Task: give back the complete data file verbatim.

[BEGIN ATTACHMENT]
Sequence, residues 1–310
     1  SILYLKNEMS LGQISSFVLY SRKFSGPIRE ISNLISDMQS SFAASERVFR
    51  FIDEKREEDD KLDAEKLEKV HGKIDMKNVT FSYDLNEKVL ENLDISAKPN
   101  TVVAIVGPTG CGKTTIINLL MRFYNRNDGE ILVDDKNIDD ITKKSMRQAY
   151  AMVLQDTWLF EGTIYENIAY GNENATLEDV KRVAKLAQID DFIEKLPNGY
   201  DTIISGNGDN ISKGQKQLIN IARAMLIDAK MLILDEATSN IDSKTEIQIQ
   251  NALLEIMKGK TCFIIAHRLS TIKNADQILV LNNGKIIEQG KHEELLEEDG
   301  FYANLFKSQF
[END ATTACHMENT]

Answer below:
Sequence, residues 1–310
     1  SILYLKNEMS LGQISSFVLY SRKFSGPIRE ISNLISDMQS SFAASERVFR
    51  FIDEKREEDD KLDAEKLEKV HGKIDMKNVT FSYDLNEKVL ENLDISAKPN
   101  TVVAIVGPTG CGKTTIINLL MRFYNRNDGE ILVDDKNIDD ITKKSMRQAY
   151  AMVLQDTWLF EGTIYENIAY GNENATLEDV KRVAKLAQID DFIEKLPNGY
   201  DTIISGNGDN ISKGQKQLIN IARAMLIDAK MLILDEATSN IDSKTEIQIQ
   251  NALLEIMKGK TCFIIAHRLS TIKNADQILV LNNGKIIEQG KHEELLEEDG
   301  FYANLFKSQF